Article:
Despite many years of campaigning for disability access across our cities, the results are only piecemeal. But what constitutes an accessible and inclusive city? Australian researchers conducted a global review to find out the enablers and barriers to inclusive design.
“Accessible and inclusive are not common headline city descriptors and even less commonly paired.”
One of the issues is that the concept of accessible and inclusive is multifaceted with many terms alluding to the same thing. The terms that matter most and need to be explicit, are accessible and inclusive. However, these terms are made invisible in the literature and guidelines. Terms such as, Healthy, Age-Friendly, Liveable, Inclusive Smart, and Smart Sustainable have implicit links to access and inclusion. And they are usually aspirational statements without tangible strategies outcomes. That means, they can’t be evaluated either.
“Despite its resonant face validity, ‘accessibility’ is a slippery concept even when applied only to the built environment.”
The researchers include a table of 14 domains of inclusion and access in their paper. Some of these link with the WHO Age Friendly Cities Guide. From these domains they provide a set of key domains that can be used to measure an accessible and inclusive city.
- Connectivity (spatial & digital);
- Economic participation, employment and education;
- Community and social infrastructure; and
- Processes of engagement and inclusion.
The researchers conclude that the main obstacle is the lack of agreement on access and inclusion factors. Their paper reviewed the global benchmarks of accessible and inclusive cities to provide some exemplars. They also highlighted ways to enhance the experiences of people with disability.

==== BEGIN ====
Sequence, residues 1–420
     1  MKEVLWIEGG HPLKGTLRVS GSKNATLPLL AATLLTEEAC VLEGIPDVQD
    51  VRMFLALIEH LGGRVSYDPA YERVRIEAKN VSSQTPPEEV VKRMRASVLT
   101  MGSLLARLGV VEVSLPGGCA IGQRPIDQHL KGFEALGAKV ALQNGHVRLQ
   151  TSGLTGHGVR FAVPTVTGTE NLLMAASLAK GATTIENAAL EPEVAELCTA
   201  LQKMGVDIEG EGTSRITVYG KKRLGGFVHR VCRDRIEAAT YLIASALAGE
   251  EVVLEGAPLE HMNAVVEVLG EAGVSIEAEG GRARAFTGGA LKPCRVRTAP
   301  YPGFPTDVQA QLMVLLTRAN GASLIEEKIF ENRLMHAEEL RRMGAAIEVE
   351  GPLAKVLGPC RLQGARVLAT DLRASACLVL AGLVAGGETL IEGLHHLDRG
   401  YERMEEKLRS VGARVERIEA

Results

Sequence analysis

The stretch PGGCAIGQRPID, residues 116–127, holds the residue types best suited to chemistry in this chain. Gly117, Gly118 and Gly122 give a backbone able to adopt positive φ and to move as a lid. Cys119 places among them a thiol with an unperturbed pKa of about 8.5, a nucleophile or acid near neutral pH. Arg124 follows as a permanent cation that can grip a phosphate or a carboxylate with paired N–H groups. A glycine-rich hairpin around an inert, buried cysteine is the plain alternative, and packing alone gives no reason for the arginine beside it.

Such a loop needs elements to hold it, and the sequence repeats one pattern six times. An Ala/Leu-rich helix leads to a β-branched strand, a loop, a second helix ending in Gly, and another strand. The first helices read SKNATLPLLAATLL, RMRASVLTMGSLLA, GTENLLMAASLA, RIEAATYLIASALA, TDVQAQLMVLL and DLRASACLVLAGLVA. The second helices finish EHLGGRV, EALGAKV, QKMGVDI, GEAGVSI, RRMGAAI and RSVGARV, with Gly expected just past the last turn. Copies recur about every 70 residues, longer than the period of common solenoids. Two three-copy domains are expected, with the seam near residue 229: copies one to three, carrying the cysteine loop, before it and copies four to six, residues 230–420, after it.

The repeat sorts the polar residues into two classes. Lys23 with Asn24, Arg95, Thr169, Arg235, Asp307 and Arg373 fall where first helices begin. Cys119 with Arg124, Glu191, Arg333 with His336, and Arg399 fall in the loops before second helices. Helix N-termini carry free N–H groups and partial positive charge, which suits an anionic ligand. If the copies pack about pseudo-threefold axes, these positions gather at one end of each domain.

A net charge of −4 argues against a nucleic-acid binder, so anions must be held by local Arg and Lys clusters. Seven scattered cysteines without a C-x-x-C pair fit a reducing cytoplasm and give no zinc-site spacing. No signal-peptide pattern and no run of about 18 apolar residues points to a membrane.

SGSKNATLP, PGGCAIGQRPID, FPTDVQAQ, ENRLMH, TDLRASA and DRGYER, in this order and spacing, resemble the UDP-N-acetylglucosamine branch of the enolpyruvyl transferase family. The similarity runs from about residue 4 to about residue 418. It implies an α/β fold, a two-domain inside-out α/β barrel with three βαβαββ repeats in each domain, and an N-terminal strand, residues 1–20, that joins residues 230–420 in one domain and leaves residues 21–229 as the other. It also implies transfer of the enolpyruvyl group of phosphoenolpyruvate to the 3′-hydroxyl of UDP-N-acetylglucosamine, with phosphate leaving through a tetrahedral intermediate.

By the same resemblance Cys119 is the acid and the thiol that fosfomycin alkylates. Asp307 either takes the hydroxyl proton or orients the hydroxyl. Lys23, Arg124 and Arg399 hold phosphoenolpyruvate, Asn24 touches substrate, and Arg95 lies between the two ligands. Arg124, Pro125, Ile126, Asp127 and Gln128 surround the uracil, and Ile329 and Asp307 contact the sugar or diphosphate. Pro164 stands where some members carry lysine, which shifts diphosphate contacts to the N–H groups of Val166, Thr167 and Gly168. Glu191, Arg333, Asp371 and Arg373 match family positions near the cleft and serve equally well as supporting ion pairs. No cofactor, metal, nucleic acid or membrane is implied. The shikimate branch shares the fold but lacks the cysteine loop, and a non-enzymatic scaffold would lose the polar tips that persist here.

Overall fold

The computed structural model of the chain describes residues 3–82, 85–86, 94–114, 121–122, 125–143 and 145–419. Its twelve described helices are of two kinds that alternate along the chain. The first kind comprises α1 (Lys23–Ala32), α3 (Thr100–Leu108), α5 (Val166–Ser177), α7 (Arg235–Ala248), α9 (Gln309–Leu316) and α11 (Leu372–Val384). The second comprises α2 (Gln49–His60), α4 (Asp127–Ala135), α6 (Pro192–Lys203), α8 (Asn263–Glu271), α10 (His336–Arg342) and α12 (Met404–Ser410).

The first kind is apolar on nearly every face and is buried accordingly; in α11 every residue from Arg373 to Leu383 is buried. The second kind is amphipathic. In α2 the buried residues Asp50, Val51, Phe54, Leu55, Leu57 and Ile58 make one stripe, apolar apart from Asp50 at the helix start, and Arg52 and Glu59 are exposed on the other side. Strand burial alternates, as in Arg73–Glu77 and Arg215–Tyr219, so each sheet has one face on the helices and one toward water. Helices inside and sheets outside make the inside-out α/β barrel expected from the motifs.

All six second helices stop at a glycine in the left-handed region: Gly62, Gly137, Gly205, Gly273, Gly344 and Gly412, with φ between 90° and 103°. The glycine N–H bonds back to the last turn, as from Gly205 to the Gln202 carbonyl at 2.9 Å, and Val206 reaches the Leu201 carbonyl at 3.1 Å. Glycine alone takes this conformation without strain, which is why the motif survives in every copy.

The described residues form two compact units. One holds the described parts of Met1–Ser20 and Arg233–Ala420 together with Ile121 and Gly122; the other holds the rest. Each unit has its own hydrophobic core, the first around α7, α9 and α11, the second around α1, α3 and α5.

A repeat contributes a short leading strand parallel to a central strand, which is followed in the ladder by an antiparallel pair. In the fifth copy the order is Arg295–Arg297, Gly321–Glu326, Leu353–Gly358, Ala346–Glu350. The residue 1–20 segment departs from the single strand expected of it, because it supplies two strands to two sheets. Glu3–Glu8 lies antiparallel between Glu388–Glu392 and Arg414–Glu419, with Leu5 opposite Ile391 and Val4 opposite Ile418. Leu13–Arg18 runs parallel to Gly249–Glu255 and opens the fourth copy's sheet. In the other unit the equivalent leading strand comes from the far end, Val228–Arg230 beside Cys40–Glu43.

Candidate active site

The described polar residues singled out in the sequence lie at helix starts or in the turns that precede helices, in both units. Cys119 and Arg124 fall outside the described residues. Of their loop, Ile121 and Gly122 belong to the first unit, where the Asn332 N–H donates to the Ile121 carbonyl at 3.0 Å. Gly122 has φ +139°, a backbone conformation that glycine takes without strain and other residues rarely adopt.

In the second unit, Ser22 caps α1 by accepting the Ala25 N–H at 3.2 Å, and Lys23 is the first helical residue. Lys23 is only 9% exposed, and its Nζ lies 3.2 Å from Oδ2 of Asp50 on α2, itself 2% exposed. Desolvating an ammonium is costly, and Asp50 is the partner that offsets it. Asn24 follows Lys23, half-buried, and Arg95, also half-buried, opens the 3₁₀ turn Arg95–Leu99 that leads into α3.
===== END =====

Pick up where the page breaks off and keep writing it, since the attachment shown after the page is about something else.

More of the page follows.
The title of the article is, Global Benchmarking of Accessible and Inclusive Cities.
From the abstract
Globally, many built environments fail to meet the accessibility needs of people with disability. This is despite people with disability agitating for built environment accessibility improvement for many decades. This paper reviews the global literature to determine what constitutes an accessible and inclusive city and to discover global benchmarks of accessible and inclusive cities for people with disability.
We identified five (composite) domains that an accessible and inclusive city would include: 1. Connectivity (spatial & digital); 2. Economic participation, employment and education; 3. Housing; 4. Community and social infrastructure; and 5. Processes of engagement and inclusion.
We also identified accessible and inclusive city exemplars, including Breda, the Netherlands and Gdynia, Poland. From the global review of exemplars and definitions, domains and indicators, areas of practical action were identified that require multi-entity, multisector collaborations with influential partners addressing all prioritised domains.
These actions included: the need to include people with disability in the planning and design of environments and services; work across the linked domains of the built form, services, attitudes, and economic participation; and the need to revise construction, design, planning and architectural education to foreground the needs and requirements of those with disability.